For example, while it can be argued that wasting time flipping pages in a dictionary is just bad, it’s not so obvious that typing is always better than writing by hand. Typing is a very useful tool for producing text quickly, but if you value the ability to write Chinese characters by hand, you should know that always typing will have a negative impact.

When it comes to reading and easy access to the meaning of vocabulary (via word lists, pop-up dictionaries or similar), I believe that this is mostly a good thing; being able to look something up by just tapping the word can make reading in Chinese much more enjoyable and lead to better results in general. However, always reading Chinese digitally with easy access to dictionary look-ups does come with a cost.

Useful strategies that easy access to dictionary look-ups stop you from learning

The problem is straightforward: By relying too much on a tool, you end up not being able to function properly without it. What was meant to support your learning helps you take shortcuts that prevent you from learning the necessary skills and strategies yourself. Let’s look at what you could miss.

Drawing on the research of Hosenfeld (1986) and Harris (1997), we can list a number of reading strategies that successful students use when reading in a foreign language. I have selected those that are most relevant for this article and provided my own examples:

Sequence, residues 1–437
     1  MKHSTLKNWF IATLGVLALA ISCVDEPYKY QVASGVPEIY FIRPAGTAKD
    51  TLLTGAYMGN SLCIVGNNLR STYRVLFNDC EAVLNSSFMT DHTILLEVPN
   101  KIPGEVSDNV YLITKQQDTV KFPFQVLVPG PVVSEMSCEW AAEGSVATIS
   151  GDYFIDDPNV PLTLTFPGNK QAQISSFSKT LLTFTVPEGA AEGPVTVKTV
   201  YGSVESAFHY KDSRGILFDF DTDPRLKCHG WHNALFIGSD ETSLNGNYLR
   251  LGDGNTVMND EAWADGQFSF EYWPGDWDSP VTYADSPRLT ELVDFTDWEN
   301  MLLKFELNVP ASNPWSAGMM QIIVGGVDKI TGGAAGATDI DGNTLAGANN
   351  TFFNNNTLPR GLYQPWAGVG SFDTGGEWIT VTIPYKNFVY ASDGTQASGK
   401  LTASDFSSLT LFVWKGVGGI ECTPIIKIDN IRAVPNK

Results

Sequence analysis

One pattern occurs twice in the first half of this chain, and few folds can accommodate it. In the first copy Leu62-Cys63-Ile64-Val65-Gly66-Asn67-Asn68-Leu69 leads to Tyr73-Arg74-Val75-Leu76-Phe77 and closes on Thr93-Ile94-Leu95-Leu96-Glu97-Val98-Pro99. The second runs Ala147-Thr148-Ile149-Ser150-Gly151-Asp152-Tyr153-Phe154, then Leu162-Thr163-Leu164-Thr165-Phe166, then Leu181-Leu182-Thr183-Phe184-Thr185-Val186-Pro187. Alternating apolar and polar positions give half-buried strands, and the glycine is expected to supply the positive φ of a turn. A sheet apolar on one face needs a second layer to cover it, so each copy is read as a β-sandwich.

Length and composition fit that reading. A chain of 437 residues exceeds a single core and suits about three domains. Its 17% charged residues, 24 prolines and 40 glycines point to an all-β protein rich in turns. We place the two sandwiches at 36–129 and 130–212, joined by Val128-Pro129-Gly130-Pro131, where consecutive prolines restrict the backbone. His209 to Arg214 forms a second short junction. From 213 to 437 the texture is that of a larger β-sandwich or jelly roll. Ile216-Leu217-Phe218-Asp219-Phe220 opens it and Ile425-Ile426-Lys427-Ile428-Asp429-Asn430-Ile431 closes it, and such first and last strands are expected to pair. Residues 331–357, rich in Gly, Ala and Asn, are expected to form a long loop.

• Relying on prior knowledge of the world – One of the major benefits of learning a language as an adult is that you already know a lot about the world, which can be very helpful when learning to read Chinese. You’re well equipped to understand a story in a train station, because you know quite a bit about train stations, why people go there, what they do there, what functions you expect to find there and so on. Not everything you’ve learnt about train stations in your home country is applicable to a text about a Chinese train station, but most things are.
  • Use of contextual clues such headings, pictures and type of text – You can learn much about a text by just looking at the way it’s formatted, what the pictures show and how the text is structured. This information helps you with reading comprehension if you pay attention to it. Many standardised exams in Chinese mimic authentic genres of text and might present a reading question which is formatted as a time table or an ad in a newspaper.
  • Aiming for the gist rather than detailed comprehension – Sometimes you have no idea what a word means, but that might not stop you from understanding the sentence it’s in. Or if it does, you might still be able to understand the main point in the paragraph. This is essential for reading speed, since stopping and thinking about each unknown word is not an option for standardised exams, where speed is a concern from most students.